We just got some more evidence that Portland is a world-class beer town.

Men’s Journal recently ran its annual list of the 25 best beers in the world, and two Portland beers were included.

The selection probably means more for Peak Organic Brewing, whose flagship beer — Peak Organic Pale Ale — was listed than it does for Allagash, who was on the list for its Curieux.

“We found out about it,” said Jon Cadoux, founder of Peak Organic, “when we started getting calls the day after magazine was released. Our inbox was flooded with messages from restaurants and bars, literally from all around the world.”

Cadoux said Peak has been in business for four years, but he has been brewing beer for about 12 years. He was excited about the recognition.

“It has been a nice boost for business,” he said, “but it says a lot too for the quality of the beer, made with local Maine ingredients. It is a win for the state as well.”

This is what Men’s Journal had to say about the pale ale: “The all-organic Peak Brewing company (in the ‘other’ brewing Portland) has done the unheard-of: It has made a pale ale remarkable with this, a bright, copper-colored beer with a slightly spicy, hoppy citrus tang muted by a solid, toasty malt body.”

That’s quite nice, even though I thought Oregon had the “other” Portland.

Peak Organic Pale Ale has 5.1 percent alcohol, and the company calls it a “complex hybrid between a West-Coast Pale Ale and a British-Style Pale Ale.”

Cadoux said he has a blueprint for his beers.

“One of the reasons we have had the success we have is that we focus on artisanal ingredients from small, local family farms, and that has paid off for us and makes the beer exceptional,” he said.

Cadoux said his beer is brewed in a couple of places, but most of it — with its own recipes and ingredients — is brewed in a section of the Shipyard complex in Portland. Its distribution is limited pretty much to the Northeast, so far.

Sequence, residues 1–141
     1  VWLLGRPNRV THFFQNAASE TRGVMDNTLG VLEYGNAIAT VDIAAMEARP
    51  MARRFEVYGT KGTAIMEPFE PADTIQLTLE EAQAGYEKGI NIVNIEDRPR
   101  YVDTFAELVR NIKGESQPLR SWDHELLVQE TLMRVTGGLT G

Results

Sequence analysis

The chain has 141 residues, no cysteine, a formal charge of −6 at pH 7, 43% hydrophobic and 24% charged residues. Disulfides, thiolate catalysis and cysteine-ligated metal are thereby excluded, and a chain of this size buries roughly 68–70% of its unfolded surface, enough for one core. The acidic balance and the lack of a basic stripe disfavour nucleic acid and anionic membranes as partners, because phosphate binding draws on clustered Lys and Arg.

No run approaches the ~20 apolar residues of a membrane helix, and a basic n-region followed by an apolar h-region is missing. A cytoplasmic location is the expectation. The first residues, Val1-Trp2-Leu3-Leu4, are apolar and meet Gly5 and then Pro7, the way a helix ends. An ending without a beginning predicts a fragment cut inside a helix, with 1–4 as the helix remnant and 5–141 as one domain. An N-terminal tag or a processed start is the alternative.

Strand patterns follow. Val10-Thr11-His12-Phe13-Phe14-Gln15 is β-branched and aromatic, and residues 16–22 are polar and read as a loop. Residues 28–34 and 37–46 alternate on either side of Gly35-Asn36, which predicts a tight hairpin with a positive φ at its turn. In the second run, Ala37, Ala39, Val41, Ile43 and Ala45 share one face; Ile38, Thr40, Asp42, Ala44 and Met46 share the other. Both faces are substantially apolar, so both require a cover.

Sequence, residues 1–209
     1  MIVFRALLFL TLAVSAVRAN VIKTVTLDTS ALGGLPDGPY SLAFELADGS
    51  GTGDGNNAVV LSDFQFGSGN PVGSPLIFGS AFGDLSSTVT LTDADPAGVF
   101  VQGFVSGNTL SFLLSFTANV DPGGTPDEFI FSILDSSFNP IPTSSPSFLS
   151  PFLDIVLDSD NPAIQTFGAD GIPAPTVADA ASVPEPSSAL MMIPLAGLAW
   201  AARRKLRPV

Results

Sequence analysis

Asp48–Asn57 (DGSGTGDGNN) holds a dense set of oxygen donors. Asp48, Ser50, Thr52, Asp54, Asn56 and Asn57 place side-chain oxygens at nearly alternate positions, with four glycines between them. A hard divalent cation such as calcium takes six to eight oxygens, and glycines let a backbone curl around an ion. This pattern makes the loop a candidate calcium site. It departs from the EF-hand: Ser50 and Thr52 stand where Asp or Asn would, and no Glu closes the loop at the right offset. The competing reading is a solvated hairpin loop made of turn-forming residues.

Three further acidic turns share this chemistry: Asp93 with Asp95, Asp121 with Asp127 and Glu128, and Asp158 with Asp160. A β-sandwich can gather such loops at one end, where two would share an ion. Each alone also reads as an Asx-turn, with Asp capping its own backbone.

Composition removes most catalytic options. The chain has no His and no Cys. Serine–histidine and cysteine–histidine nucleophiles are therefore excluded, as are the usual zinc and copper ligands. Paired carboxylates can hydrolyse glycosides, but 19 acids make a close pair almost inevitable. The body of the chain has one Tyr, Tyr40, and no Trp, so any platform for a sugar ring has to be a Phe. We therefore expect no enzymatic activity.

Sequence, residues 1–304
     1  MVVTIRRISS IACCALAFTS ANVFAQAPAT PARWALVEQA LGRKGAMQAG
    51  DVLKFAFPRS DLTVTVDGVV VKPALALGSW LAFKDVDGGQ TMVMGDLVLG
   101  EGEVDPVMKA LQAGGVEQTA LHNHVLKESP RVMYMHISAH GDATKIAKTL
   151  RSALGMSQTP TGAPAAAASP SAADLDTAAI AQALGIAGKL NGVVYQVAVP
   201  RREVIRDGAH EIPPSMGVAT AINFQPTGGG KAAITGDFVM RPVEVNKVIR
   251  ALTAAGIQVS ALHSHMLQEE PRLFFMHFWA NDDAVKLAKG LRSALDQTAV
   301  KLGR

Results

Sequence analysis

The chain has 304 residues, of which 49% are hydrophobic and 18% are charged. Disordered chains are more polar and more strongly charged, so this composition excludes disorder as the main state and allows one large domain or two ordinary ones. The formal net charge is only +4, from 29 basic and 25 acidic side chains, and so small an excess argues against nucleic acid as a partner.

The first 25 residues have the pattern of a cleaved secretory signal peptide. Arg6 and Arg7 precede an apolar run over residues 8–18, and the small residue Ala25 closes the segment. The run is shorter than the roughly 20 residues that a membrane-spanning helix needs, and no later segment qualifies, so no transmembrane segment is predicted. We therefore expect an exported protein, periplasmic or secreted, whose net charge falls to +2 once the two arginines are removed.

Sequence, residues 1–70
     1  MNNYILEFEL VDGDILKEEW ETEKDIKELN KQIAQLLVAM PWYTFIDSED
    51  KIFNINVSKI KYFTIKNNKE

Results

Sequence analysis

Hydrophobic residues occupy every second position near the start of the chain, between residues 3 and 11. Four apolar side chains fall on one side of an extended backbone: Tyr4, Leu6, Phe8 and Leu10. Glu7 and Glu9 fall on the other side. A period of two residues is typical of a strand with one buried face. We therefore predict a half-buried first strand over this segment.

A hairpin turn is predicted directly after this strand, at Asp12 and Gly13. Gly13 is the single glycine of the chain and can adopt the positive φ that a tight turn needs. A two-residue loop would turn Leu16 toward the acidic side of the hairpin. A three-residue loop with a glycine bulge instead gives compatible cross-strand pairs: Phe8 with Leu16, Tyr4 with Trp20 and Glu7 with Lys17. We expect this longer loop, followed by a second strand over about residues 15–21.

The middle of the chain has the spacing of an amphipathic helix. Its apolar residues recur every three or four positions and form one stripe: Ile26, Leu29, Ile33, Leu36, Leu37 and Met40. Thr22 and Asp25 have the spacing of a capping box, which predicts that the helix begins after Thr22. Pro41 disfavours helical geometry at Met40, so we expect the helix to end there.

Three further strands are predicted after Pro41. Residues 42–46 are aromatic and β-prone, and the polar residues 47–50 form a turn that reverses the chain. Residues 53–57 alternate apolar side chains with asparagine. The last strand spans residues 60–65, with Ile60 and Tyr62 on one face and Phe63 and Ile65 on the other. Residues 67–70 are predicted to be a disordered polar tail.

I have had Peak Organic Pale Ale fairly regularly over the past few years, but it is the only one of the company’s beers that I have tried. Other offerings include Fall Summit Ale, Summer Session Ale, IPA, Nut Brown Ale, Amber Ale, Maple Oat Ale, Espresso Amber Ale, King Crimson and Pomegranate Wheat Ale.

I’m going to have to start looking for some of those.

At Allagash, brewmaster Jason Perkins was pleased with the selection of Curieux but said it hasn’t had much effect on the company.

“With that particular beer, we make as much as we can of it already,” Perkins said. “There is more demand than we have supply, so it’s a little hard to see a boost.”

Allagash beers have been included in previous top-25 listings by Men’s Journal, but, Perkins said, “It is an honor. There are some truly great beers on that list.”

Men’s Journal described Curieux, with 9 percent alcohol: “The first and the best in a special series of barrel-aged beers from one of America’s finest breweries, Allagash Curieux is a boozy, golden Belgian-style tripel ale enhanced with caramel aromas and just a whiff of high-test hooch — the latter imparted by eight weeks of aging in Jim Beam barrels.”

To check out the article, go to www.mensjournal.com/25-best-beers-in-the-world.


QUITE A FEW beer-related events are coming up.

Eve’s at Portland Harbor Hotel will be transformed into an Oktoberfest Beer Garden at 4 and 7 p.m. each day Oct. 27-29, featuring Warsteiner Lager and Warsteiner Amber Ale as well as Geary’s autumn ale and select Belgian beers.

A Hops and Harvest Beer Dinner will begin at 6:30 p.m. Oct. 29 at the Shipyard Brew Pub as part of the Pumpkinhead Weekend Festival in Eliot, benefiting the Maine Cancer Foundation. A five-course harvest menu will be paired with some of Shipyard’s brews. The dinner and beer pairing is $35. Call 351-4623 for reservations.

 Tom Atwell can be contacted at 791-6362 or at: [email protected]